Set in a world covered in water - hello Mr Costner, how have you been? - Above puts the player in the cockpit of dinky plane, in this charming looking action adventure. Build, upgrade and modify your craft, fight against gargantuan sea monsters and sky pirates, and follow your character’s journey to hunt down a long lost sibling.
An open-world adventure the likes of which we rarely see, Heaven’s Vault puts you in the shoes of archaeologist Aliya Elasra, as you attempt to uncover the secrets of a civilization's past. Sumptuous hand drawn 2D art, hieroglyphic translation and absorbing characters blend to create yet another attractive adventure at this year’s show.
Double Kick Heroes
Labelled as a rhythm-metal-shooter by the developers, Double Kick Heroes has cooked those three ingredients up in to a sweet gaming jambalaya. The action scrolls from left-to-right, as you and your band of musical metal madmen crash drums and shred guitars; time it right and bullets will fly at the bastards chasing you. Check out our preview for more on DKH.
Take a B-movie narrative, arcade-style gameplay, limited sight and what do you get? Blind Drive, that’s what. Like many of the other gems on this list, the game will be playable in the Left Field collection at the show, a place where it seems we’ll be spending most of our time! Keep tabs on our coverage over the weekend to see if dev Lo-Fi People’s intriguing idea equates to a grand game.
Are you attending EGX Rezzed? Are you a developer who’d like us to see their game? Let us know via the comments and social media, and look out for more coverage over the weekend.
Join us down in the funk-bunker as we get vigorous, personal and brief with German developer Phantom 8’s new third-person story-driven action game, Past Cure.
Third-person action, you say?
For the most part, yes, though Phantom 8 do also shoehorn in some puzzle solving and survival horror elements as you play out sequences both in reality and in Ian’s dreamworld. The bad news is that everything fails: the third-person shooting is naff, the puzzling is as dull as an Ed Sheeran tune, and the telekinesis/sanity bending mechanics are just utter dross. Every aspect is a rip-off of a better game, or a story element taken from a better film.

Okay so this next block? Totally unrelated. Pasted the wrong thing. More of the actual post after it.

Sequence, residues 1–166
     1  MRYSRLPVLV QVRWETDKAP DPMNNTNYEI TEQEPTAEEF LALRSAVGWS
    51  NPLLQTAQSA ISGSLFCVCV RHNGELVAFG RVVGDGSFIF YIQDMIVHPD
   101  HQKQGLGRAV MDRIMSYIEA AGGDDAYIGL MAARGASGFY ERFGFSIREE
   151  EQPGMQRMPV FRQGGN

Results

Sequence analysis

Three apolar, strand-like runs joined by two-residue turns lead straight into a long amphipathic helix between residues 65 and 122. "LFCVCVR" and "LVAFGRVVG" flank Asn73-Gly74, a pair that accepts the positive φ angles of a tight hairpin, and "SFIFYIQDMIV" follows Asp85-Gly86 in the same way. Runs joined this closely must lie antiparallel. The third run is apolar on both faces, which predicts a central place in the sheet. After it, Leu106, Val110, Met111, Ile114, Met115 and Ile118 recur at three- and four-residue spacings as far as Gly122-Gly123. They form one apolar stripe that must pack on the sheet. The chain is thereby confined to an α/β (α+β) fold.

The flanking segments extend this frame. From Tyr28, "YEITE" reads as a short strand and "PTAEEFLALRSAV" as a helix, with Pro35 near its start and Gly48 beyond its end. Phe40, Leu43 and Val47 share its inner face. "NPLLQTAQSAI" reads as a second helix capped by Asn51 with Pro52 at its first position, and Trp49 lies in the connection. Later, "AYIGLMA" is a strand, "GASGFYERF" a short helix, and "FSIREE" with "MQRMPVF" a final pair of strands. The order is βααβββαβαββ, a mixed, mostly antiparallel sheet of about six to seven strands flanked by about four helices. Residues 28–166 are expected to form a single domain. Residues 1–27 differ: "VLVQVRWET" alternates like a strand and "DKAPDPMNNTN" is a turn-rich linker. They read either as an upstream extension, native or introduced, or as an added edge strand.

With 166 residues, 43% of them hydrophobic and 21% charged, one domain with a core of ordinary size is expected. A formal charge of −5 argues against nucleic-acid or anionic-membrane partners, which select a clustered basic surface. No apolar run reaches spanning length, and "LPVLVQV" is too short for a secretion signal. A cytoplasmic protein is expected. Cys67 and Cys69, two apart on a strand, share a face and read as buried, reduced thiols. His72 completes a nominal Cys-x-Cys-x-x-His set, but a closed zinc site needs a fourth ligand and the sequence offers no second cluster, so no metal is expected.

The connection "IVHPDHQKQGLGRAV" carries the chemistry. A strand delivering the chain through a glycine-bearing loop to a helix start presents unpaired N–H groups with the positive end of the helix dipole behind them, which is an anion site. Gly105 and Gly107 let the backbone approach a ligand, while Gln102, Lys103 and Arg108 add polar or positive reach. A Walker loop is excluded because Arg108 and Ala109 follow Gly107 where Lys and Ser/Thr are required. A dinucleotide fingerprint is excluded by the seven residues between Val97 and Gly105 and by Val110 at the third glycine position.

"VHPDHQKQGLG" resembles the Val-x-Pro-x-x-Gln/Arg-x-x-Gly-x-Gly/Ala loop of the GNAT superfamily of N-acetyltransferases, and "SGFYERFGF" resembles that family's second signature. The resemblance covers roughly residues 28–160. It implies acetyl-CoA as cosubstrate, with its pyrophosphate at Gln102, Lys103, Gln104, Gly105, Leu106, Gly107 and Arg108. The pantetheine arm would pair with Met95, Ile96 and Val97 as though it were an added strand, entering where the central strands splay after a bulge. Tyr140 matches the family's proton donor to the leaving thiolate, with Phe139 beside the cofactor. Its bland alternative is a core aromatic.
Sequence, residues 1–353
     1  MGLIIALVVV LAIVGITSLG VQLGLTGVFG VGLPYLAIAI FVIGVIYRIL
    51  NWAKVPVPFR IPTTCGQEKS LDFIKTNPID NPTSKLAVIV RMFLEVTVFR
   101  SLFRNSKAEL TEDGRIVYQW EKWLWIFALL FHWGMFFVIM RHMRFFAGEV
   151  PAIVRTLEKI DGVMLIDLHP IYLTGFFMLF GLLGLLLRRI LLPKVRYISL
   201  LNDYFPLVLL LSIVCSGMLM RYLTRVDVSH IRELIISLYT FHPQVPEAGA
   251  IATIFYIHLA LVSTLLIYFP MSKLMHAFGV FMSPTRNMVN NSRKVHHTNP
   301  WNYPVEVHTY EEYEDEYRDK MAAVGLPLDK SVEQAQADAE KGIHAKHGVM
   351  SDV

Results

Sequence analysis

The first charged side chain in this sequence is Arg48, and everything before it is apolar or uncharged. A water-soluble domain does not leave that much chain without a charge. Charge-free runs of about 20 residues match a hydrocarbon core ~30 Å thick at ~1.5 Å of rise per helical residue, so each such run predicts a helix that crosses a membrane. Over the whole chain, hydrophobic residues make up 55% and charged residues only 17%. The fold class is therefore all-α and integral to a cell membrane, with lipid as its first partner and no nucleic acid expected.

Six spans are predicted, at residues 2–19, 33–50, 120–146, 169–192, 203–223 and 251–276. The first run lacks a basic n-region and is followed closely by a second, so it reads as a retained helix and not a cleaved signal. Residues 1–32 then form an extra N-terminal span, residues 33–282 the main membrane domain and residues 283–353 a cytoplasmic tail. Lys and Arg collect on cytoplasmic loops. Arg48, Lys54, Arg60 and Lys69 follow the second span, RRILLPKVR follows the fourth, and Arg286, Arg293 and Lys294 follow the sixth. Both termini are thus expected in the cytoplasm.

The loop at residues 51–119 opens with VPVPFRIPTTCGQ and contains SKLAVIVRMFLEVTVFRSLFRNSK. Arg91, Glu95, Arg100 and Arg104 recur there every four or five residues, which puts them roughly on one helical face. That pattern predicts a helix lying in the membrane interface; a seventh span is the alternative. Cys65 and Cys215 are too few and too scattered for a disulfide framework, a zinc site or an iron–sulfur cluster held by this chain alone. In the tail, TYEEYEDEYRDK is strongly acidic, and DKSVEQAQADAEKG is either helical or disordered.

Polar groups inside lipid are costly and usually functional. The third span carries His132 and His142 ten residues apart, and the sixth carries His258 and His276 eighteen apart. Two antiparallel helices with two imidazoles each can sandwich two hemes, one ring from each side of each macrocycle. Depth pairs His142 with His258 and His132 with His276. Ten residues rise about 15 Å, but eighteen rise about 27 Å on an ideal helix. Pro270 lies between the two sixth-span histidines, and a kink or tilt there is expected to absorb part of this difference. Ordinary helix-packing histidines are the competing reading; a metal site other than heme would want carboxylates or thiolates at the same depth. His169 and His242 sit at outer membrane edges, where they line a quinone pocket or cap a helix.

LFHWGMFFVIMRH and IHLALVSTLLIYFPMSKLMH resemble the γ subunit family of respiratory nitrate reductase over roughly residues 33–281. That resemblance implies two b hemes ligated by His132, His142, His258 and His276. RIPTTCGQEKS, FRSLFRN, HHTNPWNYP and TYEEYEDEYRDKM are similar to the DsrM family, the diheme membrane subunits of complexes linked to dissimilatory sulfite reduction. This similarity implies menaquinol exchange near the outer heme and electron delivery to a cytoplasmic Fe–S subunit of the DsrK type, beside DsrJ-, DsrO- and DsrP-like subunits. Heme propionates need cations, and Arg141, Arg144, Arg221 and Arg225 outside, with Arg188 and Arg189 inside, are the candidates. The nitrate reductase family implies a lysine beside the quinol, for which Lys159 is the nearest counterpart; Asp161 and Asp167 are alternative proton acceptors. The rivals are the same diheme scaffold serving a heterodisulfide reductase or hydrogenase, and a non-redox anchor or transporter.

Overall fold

So it doesn't play well?
Honestly, it’s clunky, gutless and devoid of fun - voice acting notwithstanding, but we’ll get to that - quite the killer triple-threat. It’s obvious that Phantom 8’s intentions were well placed on paper, but the finished form falls well short of modern standards.
What about the presentation?
Once again, it’s plain to see the minimalist chic that Phantom 8 are aiming for, but it just looks flat. The frame rate doesn’t help matters, chugging along whether you’re in the thick of an action sequence or just walking around.
The real winner, however, is the wondrously bad voice acting. Every cast member appears to have attended The Kevin Costner Conservatory of Thespianism, spinning all manner of emotionally charged lines in a vacuum-bag of monotonous drivel - we do hope Phantom 8 didn’t pay them much...
Well, all sounds swell thus far… Anything else to be wary of?
Endless, vacuous cutscenes. Seriously, where a standard narrative-focused game allows the player to explore environments and discover information for themselves, Past Cure instead slams in a non-playable sidebar. Want to see Ian walk across a path for three seconds? You’ve got it!
Also: The main character’s name is Ian. Ian!
Hard to recommend, then?
At its current retail price of £24.99, it’s simply impossible to recommend. Whilst it’s almost commendable that Phantom 8 tried to mash all these different styles together, it just never works. If you’re a real sycophant, wait for the price to drop to around a fiver and dive on in.
Welcome down to another of our indie dev chinwags, this time with the fine folks at aPriori Digital. Based in Bristol, the team have just released their first game, an old-school shmup called Aperion Cyberstorm.
What inspired you and your team during the development stage?
The initial inspiration was the resurgence of couch co-op games like Towerfall. What we’ve found interesting is during development that style of games fell away for more online-based games, yet having recently showcased Aperion at EGX Rezzed, it seems they’re making a comeback!
"You have to be a little mad to work in the games industry, but I think it’s fair to say most games devs are a little mad anyway."
Can you tell us about your team at Apriori Digital?